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Do You Know: Various Instruments of Financial Market

Zero Coupon Bonds (ZCB)
Zero Coupon Bonds (ZCB) are issued at a discount to face value. They don't provide for any payment of interest during the currency of the bond but it pays the face value in the maturity. For example a bond of face value of Rs. 100 can be issued at Rs. 90, at the time maturity, bond holder will be paid Rs. 100 only. These bonds are popularly called as Zeros.

Deep Discount Bond (DDB)
Deep Discount Bond (DDB) is similar to Zero Coupon Bonds (ZCB), but the difference may be that DDB are issued to at deep (more) discount to the face value and can have not necessarily longer period of maturity.

Sweat Equity Share
Sweat Equity Share is the share which can be issued to the employers and directors of the company at a discount; or the shares issued for consideration other man cash for providing know-how or making available rights in the nature of intellectual property rights or value additions may called as Sweat Equity Shares.

Global Depository Receipts (GDRs)
  • Global Depository Receipts (GDR) is a dollar denominated instrument traded on the stock exchanges in Europe or USA or both. Normally, they represents the certain number of equity shares. The GDR represents a fixed ratio of Indian shares. The GDRs are issued by a depository which is denominated in the US Dollars, while actual Indian shares are held by the custodian in India (typically an Inidan Institution as ICICI).
  • GDRs are negotiable instruments.
  • GDRs are also known as Euro Equality Shares, since 1992, government allowed Indian companies to access international capital markets through it.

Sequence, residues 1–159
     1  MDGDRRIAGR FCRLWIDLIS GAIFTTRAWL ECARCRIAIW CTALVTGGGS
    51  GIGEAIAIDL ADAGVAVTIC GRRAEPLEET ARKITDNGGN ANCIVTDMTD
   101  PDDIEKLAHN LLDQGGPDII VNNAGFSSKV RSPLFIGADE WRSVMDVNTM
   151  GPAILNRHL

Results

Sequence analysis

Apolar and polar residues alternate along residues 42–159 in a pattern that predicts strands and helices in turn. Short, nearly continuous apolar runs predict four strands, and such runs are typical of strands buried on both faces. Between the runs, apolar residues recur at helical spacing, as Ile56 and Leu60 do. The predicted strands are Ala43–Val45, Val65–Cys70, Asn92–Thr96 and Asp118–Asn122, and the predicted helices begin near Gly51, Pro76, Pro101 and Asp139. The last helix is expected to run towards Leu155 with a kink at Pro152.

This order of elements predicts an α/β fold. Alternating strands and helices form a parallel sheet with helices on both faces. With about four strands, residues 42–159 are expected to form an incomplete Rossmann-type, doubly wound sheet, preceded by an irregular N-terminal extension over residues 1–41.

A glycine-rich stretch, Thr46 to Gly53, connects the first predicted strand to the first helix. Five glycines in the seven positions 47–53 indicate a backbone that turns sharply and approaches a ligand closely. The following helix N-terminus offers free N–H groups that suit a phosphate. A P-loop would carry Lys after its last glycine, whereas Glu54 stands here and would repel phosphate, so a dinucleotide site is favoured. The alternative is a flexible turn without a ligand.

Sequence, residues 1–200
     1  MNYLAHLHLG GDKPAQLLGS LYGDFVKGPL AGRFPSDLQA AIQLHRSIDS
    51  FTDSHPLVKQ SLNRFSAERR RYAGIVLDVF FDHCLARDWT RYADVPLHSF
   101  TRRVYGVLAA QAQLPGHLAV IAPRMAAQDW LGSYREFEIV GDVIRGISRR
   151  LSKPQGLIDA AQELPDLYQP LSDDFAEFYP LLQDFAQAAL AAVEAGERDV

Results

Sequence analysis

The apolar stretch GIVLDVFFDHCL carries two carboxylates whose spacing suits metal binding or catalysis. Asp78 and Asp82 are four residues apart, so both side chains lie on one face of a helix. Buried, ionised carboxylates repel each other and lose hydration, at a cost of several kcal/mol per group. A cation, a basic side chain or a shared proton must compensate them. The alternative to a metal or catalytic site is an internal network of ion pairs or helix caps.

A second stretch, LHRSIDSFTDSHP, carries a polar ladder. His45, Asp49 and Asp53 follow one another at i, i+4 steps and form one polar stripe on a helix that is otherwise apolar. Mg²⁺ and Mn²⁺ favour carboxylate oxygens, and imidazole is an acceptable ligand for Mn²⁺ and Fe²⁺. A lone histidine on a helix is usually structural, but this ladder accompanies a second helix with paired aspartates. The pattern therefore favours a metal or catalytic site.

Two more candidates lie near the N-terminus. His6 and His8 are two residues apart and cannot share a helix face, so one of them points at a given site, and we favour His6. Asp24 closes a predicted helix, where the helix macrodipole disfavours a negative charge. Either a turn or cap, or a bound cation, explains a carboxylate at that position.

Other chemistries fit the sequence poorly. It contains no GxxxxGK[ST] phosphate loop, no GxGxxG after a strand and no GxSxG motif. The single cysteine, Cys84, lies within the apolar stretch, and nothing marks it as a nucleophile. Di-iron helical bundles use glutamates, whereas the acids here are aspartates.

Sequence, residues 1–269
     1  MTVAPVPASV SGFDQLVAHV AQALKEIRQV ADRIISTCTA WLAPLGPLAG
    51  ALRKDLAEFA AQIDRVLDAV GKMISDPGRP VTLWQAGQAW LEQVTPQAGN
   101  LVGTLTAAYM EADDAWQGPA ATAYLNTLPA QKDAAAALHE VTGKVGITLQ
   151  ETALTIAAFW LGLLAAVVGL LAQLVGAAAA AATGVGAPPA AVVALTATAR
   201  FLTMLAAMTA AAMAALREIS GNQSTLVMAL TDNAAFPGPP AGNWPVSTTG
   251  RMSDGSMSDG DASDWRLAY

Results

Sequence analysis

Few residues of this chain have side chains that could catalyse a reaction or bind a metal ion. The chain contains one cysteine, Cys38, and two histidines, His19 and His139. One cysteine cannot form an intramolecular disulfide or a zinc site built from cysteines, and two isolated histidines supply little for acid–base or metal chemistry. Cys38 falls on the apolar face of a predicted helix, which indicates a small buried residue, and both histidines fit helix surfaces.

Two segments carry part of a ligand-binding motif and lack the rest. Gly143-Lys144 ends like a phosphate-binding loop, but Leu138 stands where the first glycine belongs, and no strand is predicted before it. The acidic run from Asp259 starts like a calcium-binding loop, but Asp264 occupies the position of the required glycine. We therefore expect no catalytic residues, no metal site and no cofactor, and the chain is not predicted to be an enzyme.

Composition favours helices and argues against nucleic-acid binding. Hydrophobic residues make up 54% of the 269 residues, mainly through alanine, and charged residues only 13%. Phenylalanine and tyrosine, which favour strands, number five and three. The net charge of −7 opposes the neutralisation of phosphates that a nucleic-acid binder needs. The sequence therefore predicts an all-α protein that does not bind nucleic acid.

American Depository Receipts (ADRs)
  • American Depository Receipts are US-Dollar denominated instruments issued by a depository bank in USA representing ownership in non-USA securities, usually referred to as underlying equity shares.
  • ADRs are also negotiable instruments.
  • ADRs are usually listed in New York Stock Exchange.

Euro Convertible Bonds (ECB)
  • Euro Convertible Bonds (ECB) is an equity linked security which can be converted into shares or into depository eceipts. ECB is foreign currency debt instrument issued by an Indian company.

Mutual Funds (MFs)
  • A Mutual Fund is a financial institution that aims at continuously garnering investible resources from individuals and managing these resources professionally to create a portfolio of securities order to provide uninitiated small investor a reasonable return on his investment through dividends and capital appreciation.
  • On this basis of the structure, the MFs can be divided into:
  • Open Ended MFs: Funds which are available for subscription through the year and can be sold and purchased any time. They are highly liquid.
  • Close Ended MFs: These have stipulated maturity period prior to which these cannot be sold and purchased except on the stock exchanges. They have maturity period usually from 3 to 15 years.
  • On the basis of investment profile it can be classified as:
  • Growth Funds
  • Income Funds
  • Balanced Funds


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